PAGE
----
ANIMAFEST PRO | ANIMAFEST SCANNER IIII - Symposium for Contemporary Animation Studies | PANEL 3: ANIMATION IN THE MIND
Psychotic and Then Some: Wackyland or the Meta-Fictional Dimension of American Cartoons - Francisco Ortega-Grimaldo - Texas Tech University - USA
7/06 WED 10:15 - 10:45 Chilloutka, Ilica 15/1
Bugs Bunny and Daffy Duck might be two of the best-known and eccentric characters from the Warner Brothers cartoons’ canon. Originally insane, throughout their many incarnations their slapstick behaviour took a calmer turn and eventually became more factual than visceral. This process helped define the parameters of normalcy in which they operated within their universe (e.g. an anvil or piano falling from the sky). But, beyond the seamless rules of this care-free world, there was Wackyland, a dimension of psychotic derangement where “cartoon laws” do not apply in the same way. Introduced in 1938 in the animation “Porky in Wackyland,” and populated by cracked beings and objects, Wackylandis the habitat of the last of the Do-Do birds, a shape-shifter being of obnoxious behaviour. When Porky Pig ventures in the search of the bird, he is noticeably scared and mortified by the rarities of the place, one that is entirely different from his own.
The cartoon made its appearance when surrealism’s popularity in the United States was at its height. As a movement profoundly influenced by psychological theories (Freud and Jung), surrealism fostered an art whose fantastic character would bring forth the unconscious and break the normalcy of everyday life. When Porky’s cartoon was revamped in 1949 as Dough for the Do-Do, the plot and action remained similar to the originals, but the background became a Dalí-esque landscape that transformed Wackyland into a purely surrealist universe. While most scholarship on cartoons has called attention to the breaking of the fourth wall, this paper explores Wackyland as a surreal dimension within cartoons’ fictional world. It argues that the function of this over-eccentric, meta-fantastic place, one that is beyond the understanding of the staple cartoon characters, makes their fantastic nature and behaviour look more “real” and coherent.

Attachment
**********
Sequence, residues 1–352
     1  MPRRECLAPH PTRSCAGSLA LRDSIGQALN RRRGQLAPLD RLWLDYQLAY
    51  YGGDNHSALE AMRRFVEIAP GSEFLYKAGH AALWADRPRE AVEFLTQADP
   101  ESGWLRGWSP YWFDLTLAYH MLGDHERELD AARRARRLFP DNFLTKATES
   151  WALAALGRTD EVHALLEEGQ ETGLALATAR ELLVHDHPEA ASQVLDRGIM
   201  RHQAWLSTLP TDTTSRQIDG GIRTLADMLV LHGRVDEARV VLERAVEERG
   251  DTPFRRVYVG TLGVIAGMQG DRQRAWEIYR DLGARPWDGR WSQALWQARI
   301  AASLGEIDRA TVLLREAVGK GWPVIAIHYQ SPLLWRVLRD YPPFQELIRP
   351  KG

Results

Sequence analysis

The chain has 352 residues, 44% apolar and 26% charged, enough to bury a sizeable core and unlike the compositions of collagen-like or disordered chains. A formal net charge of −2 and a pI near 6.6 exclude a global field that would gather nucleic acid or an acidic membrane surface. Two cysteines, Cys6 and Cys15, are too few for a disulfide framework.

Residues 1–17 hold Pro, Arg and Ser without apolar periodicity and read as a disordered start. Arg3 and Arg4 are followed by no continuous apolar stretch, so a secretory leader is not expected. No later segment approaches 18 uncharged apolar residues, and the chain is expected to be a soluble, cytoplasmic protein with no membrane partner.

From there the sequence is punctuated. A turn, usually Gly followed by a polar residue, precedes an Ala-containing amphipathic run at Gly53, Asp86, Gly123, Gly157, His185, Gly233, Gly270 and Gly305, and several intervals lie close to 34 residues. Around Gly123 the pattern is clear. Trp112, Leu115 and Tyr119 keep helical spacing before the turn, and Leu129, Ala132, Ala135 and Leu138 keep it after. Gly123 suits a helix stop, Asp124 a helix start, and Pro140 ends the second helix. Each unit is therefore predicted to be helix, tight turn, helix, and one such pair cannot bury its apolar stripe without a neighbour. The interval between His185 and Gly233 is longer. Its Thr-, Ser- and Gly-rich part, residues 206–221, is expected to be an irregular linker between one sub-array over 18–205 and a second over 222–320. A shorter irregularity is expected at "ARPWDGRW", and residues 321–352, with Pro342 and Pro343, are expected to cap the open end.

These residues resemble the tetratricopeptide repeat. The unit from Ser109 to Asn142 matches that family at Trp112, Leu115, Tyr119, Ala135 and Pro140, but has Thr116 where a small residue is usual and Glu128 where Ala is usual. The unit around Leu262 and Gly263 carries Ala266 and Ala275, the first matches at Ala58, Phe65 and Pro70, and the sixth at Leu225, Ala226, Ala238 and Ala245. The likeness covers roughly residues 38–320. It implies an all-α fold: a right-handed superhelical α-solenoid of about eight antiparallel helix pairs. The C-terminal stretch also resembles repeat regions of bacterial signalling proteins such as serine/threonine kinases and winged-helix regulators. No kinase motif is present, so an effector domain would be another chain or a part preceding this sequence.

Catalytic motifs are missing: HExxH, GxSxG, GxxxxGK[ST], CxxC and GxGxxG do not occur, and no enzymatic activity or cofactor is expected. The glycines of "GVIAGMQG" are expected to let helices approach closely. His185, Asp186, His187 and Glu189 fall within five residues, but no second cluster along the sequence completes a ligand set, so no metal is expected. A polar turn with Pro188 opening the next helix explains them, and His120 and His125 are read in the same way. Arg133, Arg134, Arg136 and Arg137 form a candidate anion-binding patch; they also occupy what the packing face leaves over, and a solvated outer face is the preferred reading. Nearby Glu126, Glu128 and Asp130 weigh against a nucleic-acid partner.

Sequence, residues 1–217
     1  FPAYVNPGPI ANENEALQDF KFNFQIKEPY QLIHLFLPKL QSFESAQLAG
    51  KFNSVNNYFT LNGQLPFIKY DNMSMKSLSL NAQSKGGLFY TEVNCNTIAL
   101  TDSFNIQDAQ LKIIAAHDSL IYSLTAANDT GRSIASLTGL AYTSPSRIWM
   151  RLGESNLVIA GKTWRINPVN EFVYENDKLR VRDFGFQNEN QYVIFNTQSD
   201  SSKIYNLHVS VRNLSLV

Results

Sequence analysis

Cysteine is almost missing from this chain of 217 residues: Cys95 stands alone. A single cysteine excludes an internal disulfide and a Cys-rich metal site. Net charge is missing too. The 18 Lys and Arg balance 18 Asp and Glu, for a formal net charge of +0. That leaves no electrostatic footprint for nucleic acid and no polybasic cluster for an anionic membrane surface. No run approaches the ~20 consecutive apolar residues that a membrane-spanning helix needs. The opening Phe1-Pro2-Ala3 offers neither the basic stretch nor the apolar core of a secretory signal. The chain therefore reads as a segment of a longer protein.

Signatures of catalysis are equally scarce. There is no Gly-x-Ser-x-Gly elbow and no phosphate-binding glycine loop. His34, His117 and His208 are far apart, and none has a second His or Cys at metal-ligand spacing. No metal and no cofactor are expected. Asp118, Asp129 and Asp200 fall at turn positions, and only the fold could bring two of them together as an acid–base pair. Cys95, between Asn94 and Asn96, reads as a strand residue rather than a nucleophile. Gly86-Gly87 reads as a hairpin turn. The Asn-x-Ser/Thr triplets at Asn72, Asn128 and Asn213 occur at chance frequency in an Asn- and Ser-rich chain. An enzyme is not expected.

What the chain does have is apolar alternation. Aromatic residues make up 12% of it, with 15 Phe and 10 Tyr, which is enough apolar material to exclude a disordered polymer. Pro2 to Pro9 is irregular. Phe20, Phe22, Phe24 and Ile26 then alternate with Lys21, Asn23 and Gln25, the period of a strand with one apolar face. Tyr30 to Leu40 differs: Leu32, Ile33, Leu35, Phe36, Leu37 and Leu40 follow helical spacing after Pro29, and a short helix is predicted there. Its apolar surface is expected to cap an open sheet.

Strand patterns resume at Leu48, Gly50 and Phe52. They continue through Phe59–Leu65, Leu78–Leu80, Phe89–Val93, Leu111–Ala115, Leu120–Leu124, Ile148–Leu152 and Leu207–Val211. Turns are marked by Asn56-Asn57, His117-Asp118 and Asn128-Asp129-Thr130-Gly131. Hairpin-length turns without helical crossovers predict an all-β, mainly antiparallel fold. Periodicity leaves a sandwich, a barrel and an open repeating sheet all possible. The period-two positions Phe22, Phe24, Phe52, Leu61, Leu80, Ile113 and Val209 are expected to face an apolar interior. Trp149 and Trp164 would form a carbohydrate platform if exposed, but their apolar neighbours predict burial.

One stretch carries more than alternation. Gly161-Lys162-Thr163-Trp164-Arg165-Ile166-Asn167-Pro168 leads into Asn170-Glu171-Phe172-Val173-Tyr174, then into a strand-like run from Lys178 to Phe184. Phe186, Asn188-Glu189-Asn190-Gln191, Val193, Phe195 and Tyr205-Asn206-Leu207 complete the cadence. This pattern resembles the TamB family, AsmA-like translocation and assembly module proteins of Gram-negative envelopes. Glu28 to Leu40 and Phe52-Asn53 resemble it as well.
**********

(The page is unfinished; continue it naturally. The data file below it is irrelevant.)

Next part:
Dr Francisco Ortega-Grimaldo (Associate Professor in Graphic Design and Coordinator of the PhD Fine Arts program) and Dr Jorgelina Orfila (Associate Professor of Art History) are since 2014 engaged in a teaching and research project that explores the intersections between art history and animation in the modern and contemporary periods. In addition to teaching at the School of Art(Texas Tech University), they have presented papers on this topic at the Annual conferences organized by the College Art Association (NY 2015), “Bridges Across Cultures” (Florence 2015) and the 28thAnnual Conference of the Society of Animation Studies (Singapore 2016).